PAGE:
interview dvs1

Interview with DVS1: “Technology is a gift and a curse”

A unique and respected vision. A name that echoes from mouth to mouth without introduction. We caught a moment with Zak Khutoretsky, better known as DVS1, at the last Amsterdam Dance Event.

The American maestro, driving force behind the renowned labels HUSH and Mistress Recordings, doesn’t just play techno and dance music—he lives and breathes it. Yet, there’s an ever-present spark of evolution in his work, seen in projects like The Wall of Sound and Aslice. We got the exclusive chance to dive deep into his world—his takes on underground, festivals vs clubbing, and so much more. Read on and press play for the full scoop!

We are here at ADE with Zak, better known as DVS1. How is your ADE looking so far?

Wet. It’s raining too much, but it’s been good. We arrived yesterday and immediately jumped into some interviews. We had the RA Exchange Live yesterday, with really a nice audience and a great moderator with me. I could have talked for a few hours but unfortunately, we had to stop after one.

Some feel that being a producer and a DJ are complementary, but not always intrinsic. What’s your take on this and what would you say are your musts as a producer?

There are not many people who I think are actually capable of mastering, and when I say mastering I mean being really good and spending hours and years perfecting their ability. I grew up as a DJ, I became a producer later. But in the era that I grew up in, you had a very clear separation between those who were DJs and those who were producers, and you could earn a living being both.

The problem nowadays is you almost can’t earn a living being a producer. People who create good music suddenly get shoved into the spotlight of having to perform, and because of technology, maybe they can technically perform. But I think the soul of a DJ and the soul of a producer are usually two separate things. For me as a producer it’s something that, again, it’s just time. I feel confident in how I speak as a DJ. But, I think I need to spend as much time to perfect my ability to speak as a producer. So I think everything comes down to just time, experience, positives, negatives… Trying things and finding what your voice is in whatever way you choose.

Somehow you have stayed on the “healthier” side of technology, with visionary projects such as Aslice. What clicked for you to bet on this concept? Is it going where you expected? 

Technology is a gift and a curse. On one hand, technology allows people to cheat or get to places quicker without actually putting in the work, the knowledge, or the understanding. But then on the reverse, technology also gives opportunities to people who maybe never had those opportunities in the past. Maybe somebody really far away can experiment with DJing and producing, and 20 years ago that same person wouldn’t have had any access to drum machines, synthesizers or turntables.

But the negative is, of course, now anyone can be a DJ or a producer and use the presets. And with Aslice, it actually connects to your first question. We’re trying to rebalance the idea that not everyone has to be a DJ. A DJ plays other people’s music, and without music, the dancefloor would be completely silent and we would have nothing to give.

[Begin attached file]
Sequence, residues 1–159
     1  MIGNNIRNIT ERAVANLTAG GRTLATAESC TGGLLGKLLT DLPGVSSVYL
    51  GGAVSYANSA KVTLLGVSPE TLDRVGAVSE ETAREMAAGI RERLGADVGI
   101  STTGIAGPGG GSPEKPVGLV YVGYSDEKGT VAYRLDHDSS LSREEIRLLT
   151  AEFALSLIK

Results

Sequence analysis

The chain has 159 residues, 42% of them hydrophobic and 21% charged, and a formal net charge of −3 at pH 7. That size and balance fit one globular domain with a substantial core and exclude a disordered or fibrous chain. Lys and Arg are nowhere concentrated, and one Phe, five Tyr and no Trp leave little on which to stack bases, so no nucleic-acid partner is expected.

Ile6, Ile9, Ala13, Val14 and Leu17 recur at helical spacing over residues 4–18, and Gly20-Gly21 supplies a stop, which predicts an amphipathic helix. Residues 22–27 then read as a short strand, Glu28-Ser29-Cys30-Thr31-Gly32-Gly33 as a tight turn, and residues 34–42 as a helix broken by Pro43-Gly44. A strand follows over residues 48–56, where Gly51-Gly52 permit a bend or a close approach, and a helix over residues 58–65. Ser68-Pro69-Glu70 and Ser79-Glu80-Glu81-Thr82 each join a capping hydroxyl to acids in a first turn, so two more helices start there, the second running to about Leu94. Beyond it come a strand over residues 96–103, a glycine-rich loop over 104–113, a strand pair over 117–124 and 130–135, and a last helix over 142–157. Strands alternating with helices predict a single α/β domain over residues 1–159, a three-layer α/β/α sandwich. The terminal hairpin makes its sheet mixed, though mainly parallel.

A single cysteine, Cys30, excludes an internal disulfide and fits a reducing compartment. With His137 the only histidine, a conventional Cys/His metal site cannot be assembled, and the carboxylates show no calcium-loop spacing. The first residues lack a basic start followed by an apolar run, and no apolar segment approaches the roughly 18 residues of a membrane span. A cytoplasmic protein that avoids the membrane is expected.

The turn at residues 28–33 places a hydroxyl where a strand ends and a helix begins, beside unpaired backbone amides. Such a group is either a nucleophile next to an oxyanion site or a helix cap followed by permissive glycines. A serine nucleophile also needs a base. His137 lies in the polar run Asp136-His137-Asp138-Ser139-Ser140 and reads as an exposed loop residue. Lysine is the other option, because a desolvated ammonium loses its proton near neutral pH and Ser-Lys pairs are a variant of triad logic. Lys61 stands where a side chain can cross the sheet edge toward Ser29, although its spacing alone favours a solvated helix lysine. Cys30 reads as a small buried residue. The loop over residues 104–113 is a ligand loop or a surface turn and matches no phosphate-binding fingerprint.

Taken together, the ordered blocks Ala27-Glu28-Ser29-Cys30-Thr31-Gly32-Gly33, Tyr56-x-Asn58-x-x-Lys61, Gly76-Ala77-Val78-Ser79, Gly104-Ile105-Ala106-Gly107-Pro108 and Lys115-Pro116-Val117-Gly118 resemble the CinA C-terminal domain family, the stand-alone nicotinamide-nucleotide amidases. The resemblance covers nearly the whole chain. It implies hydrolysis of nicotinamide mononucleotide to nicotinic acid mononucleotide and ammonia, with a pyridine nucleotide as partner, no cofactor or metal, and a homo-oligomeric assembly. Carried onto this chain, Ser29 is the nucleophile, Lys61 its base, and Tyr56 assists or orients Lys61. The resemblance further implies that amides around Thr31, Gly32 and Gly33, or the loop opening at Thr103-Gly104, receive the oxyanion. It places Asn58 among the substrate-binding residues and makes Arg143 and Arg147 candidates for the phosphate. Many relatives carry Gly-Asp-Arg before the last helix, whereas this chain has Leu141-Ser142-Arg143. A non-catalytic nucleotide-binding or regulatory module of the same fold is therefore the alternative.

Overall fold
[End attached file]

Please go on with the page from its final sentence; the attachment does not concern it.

Our hope is that somebody like me who earns money from playing other people’s music, now can give, via technology, an easy button so that we can do something good and pass some of our earnings back down to the producers. I would put us in the category of using technology in a positive way to impact our community and give something back along the process of our success.

a man standing in front of some vinyls interview dvs1

With The Wall of Sound, you kind of reflected your disagreement with the current dance floors and decided to map your own. Could you sense a change in the crowds who witnessed it? 

For anyone who doesn’t understand or know what The Wall of Sound is, it’s not even a new concept. It’s me taking a concept that I was raised on. Even before me, somebody else was influenced by probably going back to the dub reggae sound systems where everyone danced to this huge wall of speakers. 

The DJ was on the other side of the room or even behind the sound system. The DJ was not the focus, the music was the center and the sound was the way it was delivered and how it felt. Maybe it was just the right moment for me to present this idea again because it was an answer to all the things I think are wrong in our industry right now. 

The DJ is just one part in the chain that creates the magic of the night. The focus should be on the dance floor and not on some figure on a stage throwing heart signs and dancing around like a clown.

– DVS1 for Xceed (2023)

Now, the DJ has become a rock star. The DJ has become the center of the focus. The DJ is on a stage with bright lights and LEDs… And we don’t matter. I mean, yes, we matter, but we are just one part of all the parts in the chain that create the magic of the night. If the goal is to connect everyone and bring everyone together, then the focus should actually be on the dance floor and not on some figure standing on a stage throwing heart signs and dancing around like a clown. They should be focused on the art, the music and the delivery, and people should be focused on each other, the connection of the dance floor and the vibration of the sound.

To try to answer the question you asked: Yes, we noticed the big difference on the dance floor. At first, especially the new generations, they really didn’t know what to do when they didn’t see the DJ. Maybe it took them a few minutes to re-acclimate to their surroundings and think, “But wait, what do I look at? Where do I face? What direction? Where’s my space?”. But then you start to notice people turning around and facing each other and dancing into the speakers. Because really, the people will look wherever the music, the physical sound is coming from. The DJ doesn’t have to be in that location. The DJ could be anywhere.

the wall of sound interview dvs1
The Wall of Sound in Los Angeles

Let’s talk about another controversial topic: festivals. As you are a clubbing person, have you ever reflected on a different concept between a club and a festival that would make you feel fulfilled as an electronic music lover and an artist?

When I came out with my very strong opinion in this video for The School of House a couple of years ago about festivals destroying club culture, it’s not that I said festivals don’t need to exist. I just wanted to make very clear the separation of what a festival creates in our industry and in our community, in terms of short attention spans and short DJ sets, versus a club. Where art is created, where community is created. And people said, “But you still play festivals!”. Of course, I do! Because festivals also take up almost 40% to 50% of our year of music. I just wish there was a healthy balance and I wish artists and the audience would understand a healthy balance between both.